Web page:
AND THE WINNERS ARE...
Depending on what you’re looking for—ultra-light, affordability, all the bells and whistles—the options below will help you get started on the path to finding your perfect swinging sleeper.
There’s no shortage of reasons that the Warbonnet Blackbird is the favorite for lots of campers. Think ultralight material, extra comfort, excellent design, features like an integrated bug net and storage shelf, two different fabric weights, single or double layer construction and a suspension system that’s easy to set up and adjust and suitable for a variety of weather conditions and terrains. It comes in at $170, which isn’t entirely cheap but also not the most expensive and worth it for its versatility and the experience it provides.
ENO SubLink Shelter System with Sub 7 Hammock
Talk about lightweight. The Sub7 weighs in at a mere 6.4 oz. including carabiners (but holds 300 lbs.), and that’s pretty impressive. Add to that its versatility and customizability, this setup will give you a comfortable and excellent camping experience under a variety of circumstances—you can pick and choose the components you need for any given adventure and leave the rest at home. ENO offers upgrades for all hammocks that include suspension, a rain fly and a bug net, all of which pack up in a stuff sack, which also doubles as a pillow. This sucker allows you to be prepared for any situation, making it worth its $250 price point.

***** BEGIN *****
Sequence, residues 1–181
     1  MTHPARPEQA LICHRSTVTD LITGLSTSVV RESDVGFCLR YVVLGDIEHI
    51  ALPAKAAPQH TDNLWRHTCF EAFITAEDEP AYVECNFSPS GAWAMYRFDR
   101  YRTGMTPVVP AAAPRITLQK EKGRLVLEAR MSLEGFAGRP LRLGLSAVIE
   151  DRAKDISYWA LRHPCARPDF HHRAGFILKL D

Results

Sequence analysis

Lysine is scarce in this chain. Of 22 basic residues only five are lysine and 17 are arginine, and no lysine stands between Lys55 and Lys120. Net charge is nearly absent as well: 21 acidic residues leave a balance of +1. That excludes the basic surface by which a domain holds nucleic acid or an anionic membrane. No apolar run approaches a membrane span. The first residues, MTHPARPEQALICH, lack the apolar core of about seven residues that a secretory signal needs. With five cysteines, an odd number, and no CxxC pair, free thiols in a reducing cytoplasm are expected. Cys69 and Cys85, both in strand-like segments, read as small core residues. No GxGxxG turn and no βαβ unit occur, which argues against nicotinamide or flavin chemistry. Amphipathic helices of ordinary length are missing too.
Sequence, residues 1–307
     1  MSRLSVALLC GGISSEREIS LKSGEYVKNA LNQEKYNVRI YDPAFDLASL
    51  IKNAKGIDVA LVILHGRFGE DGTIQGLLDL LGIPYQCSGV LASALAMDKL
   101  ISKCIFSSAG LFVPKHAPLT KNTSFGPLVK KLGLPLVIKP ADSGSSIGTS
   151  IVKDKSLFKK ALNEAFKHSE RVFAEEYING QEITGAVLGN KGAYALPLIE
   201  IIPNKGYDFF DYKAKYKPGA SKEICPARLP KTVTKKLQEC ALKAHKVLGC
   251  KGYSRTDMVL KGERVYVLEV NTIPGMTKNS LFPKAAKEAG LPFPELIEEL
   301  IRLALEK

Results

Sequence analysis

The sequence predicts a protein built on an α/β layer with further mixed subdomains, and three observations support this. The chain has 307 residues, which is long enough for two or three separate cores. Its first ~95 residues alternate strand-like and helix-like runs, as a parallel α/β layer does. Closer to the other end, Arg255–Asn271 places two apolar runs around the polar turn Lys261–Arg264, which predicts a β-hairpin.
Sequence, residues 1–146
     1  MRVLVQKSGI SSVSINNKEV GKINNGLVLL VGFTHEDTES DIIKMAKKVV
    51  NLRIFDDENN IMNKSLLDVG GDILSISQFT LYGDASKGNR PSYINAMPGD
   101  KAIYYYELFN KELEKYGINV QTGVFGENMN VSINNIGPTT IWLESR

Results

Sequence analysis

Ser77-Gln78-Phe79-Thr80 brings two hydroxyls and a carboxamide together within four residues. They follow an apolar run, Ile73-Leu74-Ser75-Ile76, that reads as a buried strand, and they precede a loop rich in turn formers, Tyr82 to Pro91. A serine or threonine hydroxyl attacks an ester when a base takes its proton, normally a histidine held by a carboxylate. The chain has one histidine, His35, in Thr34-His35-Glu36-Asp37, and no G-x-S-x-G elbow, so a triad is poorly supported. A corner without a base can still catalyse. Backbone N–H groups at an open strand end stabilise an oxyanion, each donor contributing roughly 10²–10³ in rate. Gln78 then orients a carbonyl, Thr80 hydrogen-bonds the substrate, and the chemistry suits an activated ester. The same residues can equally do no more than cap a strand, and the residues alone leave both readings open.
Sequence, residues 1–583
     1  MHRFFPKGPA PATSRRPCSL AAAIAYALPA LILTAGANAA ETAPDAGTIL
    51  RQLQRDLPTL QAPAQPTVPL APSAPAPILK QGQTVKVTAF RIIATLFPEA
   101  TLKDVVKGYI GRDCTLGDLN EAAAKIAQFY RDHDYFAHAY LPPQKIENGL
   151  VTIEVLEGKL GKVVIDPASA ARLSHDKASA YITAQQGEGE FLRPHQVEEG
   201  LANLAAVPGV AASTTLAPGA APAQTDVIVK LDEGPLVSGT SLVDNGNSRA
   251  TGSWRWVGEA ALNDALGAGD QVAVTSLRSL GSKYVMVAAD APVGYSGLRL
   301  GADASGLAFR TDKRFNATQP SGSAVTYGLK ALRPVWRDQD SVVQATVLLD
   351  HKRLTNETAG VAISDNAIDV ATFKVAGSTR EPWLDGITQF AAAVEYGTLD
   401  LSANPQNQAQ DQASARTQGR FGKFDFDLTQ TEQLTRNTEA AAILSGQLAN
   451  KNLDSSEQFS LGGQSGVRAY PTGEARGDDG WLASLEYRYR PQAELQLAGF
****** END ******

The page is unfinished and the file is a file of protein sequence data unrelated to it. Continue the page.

Grand Trunk Ultralight
This affordable option ($20) is easy to use, comfortable and lightweight. This is a great starter hammock for those who aren’t convinced swinging and sleeping is the way to go—you can test the waters without breaking the bank. It may not be the most durable option, but if you’ve used it long enough to discover hammock camping is for you, you’ll probably want to upgrade anyway.
This tear-resistant, all-purpose camping hammock is durable yet lightweight and easy to pack and set up. It has a 500-lb. capacity and is rugged and roomy—it can fit two but is also comfy for one. Bonus: Kammok is one of our Smash & Grab Gift Card partners. That means you can buy your favorite camper a Smash & Grab Gift Card that they can smash into submission and then use to buy a versatile and handy hammock. The world wins!
Hennessy Ultralite Backpacker Asym Zip
The Ultralite Backpacker ($250) is perfect for the minimalist adventurer. It’s lightweight, sturdy and has a unique asymmetric design—the hammock forms a rectangle as well as a diagonal pocket to help you lie flat while providing extra room on the sides. The mesh canopy keeps the bugs away while still letting the air get through. Great for ultralight backpackers and campers who still want some comfort along the way.
GETTING INTO THE SWING OF IT
Hammock camping may sound slightly weird to the uninitiated, but once you start, you won’t be able to stop. Waking up that much more immersed in nature will make you realize sleeping aloft is the best thing you can do for yourself, for both body and mind. And now that you’ve got a beginner’s guide to hammocking in your brain, all you need to so it gather your friends, hit the road and get ready to hang out. See what we did there? Yeah. Now get on out—and up—there. You won’t regret it.